Everyone knew how the drones came about, long before the Predators’ route to Pakistan and elsewhere was acknowledged, and before some of us were able to bring ourselves to protest the loss of innocent lives by rising above our tolerance for collateral damage. “Things fall out of the sky all the time,” Mark Mazzetti quotes General Pervez Musharraf in The Way of the Knife at the outset of the chapter that recalls the first drone strike in Pakistan in June 2004 that killed Nek Muhammad.
Garlanded by the Pakistani administration one day and unwanted the next, Nek Muhammad was just one point on the long, treacherous road on which the interests of the two sides had converged. From Mazzetti’s account, it was business turning sour, at the beginning of which all Pakistan wanted was to make a few bucks and see America leave as fast as possible.
The Pakistani emphasis from the start, the book points out, was to distinguish certain elements within the Taliban from the ‘other’ Taliban and Al Qaeda. The same good militants-bad militants strain that provided the reason for so much heated debate later on. “Musharraf hadn’t fundamentally shifted Pakistan’s foreign policy as mush as he had reprised a deal that General Muhammad Ziaul Haq … had struck with the Americans in the 1980s,” Mazzetti writes. “Musharraf would help the United States get what it wanted in Afghanistan, and Pakistan would be paid handsomely.”
The ties were destined to be strained and as rumours abounded and graduated to the status of popular truth, everyone could sense the spy on the prowl, long before Raymond Davis hit Lahore big time in 2011. What Davis blew up was the thinnest veneer of secrecy wrapped around the new breed of CIA troubleshooters. It was only incidental that he shot dead a couple of Pakistani citizens and was responsible for the death of another in the ensuing road accident, as also for the suicide of the widow of one of his victims.
The link was there for anyone to see even before the Davis incident ostensibly alerted the Pakistani security personnel to the presence of foreign boots on the ground. Only the blanks needed to be filled in. Along with the literature that has appeared before and since, Mazzetti’s is an assiduously compiled account that strings together some of the missing parts in the puzzle.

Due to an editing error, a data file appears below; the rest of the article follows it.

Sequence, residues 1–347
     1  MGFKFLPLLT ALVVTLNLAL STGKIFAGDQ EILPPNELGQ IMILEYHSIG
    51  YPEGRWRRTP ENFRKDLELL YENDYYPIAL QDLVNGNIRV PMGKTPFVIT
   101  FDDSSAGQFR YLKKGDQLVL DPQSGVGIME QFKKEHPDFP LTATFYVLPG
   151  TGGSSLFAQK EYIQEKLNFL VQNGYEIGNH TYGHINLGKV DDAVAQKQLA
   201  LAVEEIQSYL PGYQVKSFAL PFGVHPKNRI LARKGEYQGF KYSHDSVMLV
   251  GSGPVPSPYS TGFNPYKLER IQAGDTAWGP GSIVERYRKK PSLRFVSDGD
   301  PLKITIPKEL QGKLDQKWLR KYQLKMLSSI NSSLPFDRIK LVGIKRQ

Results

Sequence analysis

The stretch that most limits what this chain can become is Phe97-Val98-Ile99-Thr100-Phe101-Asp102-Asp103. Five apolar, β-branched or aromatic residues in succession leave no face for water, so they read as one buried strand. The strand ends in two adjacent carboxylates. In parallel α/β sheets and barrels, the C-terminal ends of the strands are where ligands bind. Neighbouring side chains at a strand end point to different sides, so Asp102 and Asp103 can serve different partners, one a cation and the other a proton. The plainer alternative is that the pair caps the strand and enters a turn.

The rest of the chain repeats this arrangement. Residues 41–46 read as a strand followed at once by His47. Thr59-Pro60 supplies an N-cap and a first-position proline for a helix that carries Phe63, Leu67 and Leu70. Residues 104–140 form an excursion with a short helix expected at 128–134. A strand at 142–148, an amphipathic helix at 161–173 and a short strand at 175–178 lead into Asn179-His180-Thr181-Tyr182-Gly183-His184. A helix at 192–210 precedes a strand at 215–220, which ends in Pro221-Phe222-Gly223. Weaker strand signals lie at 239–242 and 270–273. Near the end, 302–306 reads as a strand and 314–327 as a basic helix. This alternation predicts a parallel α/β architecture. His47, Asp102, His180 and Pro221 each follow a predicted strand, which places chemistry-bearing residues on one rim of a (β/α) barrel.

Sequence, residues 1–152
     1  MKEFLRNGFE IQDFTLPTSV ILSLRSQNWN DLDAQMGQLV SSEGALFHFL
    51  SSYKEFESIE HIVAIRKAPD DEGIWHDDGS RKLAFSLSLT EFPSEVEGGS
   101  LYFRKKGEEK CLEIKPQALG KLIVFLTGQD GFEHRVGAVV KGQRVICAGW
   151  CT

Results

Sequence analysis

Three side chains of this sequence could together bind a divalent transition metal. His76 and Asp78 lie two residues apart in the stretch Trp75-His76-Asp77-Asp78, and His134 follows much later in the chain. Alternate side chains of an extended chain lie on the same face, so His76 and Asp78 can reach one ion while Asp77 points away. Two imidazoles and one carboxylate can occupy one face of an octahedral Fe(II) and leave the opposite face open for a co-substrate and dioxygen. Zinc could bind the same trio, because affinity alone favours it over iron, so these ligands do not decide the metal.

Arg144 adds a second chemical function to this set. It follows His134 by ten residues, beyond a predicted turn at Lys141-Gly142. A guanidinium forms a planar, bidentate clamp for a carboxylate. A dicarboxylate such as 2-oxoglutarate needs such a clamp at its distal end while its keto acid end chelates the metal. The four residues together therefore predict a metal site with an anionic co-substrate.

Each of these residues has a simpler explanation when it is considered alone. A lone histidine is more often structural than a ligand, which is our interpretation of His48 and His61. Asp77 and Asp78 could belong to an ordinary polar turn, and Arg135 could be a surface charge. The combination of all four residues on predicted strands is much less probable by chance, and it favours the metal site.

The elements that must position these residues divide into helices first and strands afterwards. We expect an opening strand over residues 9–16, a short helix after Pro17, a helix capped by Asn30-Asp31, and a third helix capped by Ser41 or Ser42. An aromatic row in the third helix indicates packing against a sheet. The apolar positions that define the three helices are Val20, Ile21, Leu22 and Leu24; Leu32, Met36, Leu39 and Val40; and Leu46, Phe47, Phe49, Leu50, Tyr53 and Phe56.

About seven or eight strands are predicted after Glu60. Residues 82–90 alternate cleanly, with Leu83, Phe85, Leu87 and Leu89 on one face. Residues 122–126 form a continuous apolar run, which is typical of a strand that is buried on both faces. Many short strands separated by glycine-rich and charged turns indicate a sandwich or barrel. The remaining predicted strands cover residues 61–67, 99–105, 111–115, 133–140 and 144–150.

It is a substantive, engaging and even sympathetic account, but there is always room to expand the picture; and these days, new pieces come at a rattling pace. Not taking anything away from Mazzetti, a member of The New York Times team with a Pulitzer to his credit, given the speed at which secrets are revealed and allowed to be revealed, in time other information will come to the fore, taking us deeper inside the offices where policy is framed and new principles arrive to complete their span of life.
The operation thrives on something as basic as suspicion, of the enemies, of allies (in this case suspicion of Pakistan’s Directorate of Inter-Services Intelligence) and before that, of the partners at home, as manifest in the frictions between the CIA and Pentagon that run through this book.
The CIA-Pentagon ties lead to duplication of work and confusion. But the prime question is: should intelligence agents, even soldiers, be allowed to act as assassins? After years of debate, the answer is as eerily simple as it must have been when man had his first conflict: it is the need that determines the means and everything is justified in a war, declared or covert.
The Way of the Knife is a tale full of intrigues and it bears witness to its due share of contradictions. The book begins with Raymond Davis, ex-Blackwater and now a CIA agent who the Americans finally manage to free from the grasp of their uneasy Pakistani allies upon payment of head money for the men he killed. On the other hand are the non-Americans who cannot be extended the same facility. Towards the end, Mazzetti discusses Dr Shakil Afridi, a Pakistani citizen the Americans wanted to rescue but couldn’t quite find a way to save from prison. Apart from a few million given to him as a ‘CIA source,’ Dr Afridi gets from his CIA handler in Pakistan a warning of the impending danger. Apparently, it is some time later that he actually comes to know who he has delivered to the United States through his polio vaccination drive in Abbottabad.
Between Davis and Dr Afridi, Mazzetti makes a very readable presentation on the transformation — or actually, a kind of restoration — of the CIA from being just an intelligence-gathering network to an organisation assigned, under a presidential decree, the duties of taking out those creating trouble for America. It is no surprise that Abdul Qadeer Khan makes an appearance pretty early into the story, on the list with names such as Mamoun Darkazanli, “a Syrian who the CIA believed had helped organise the September 11 attacks,” who the Bush administration had “marked for death.” “It was a cold, late fall day in 2001, just after President George W. Bush had signed a secret order giving the CIA power it had lost in the 1970s, after a series of grisly and sometimes comic revelations about CIA assassination attempts,” writes Mazzetti. This was soon after 9/11 and the agency had already progressed to a point where they could photograph Khan: “the CIA was making an eerie, unmistakable point: we can get close enough to take their pictures, so we can get close enough to kill.”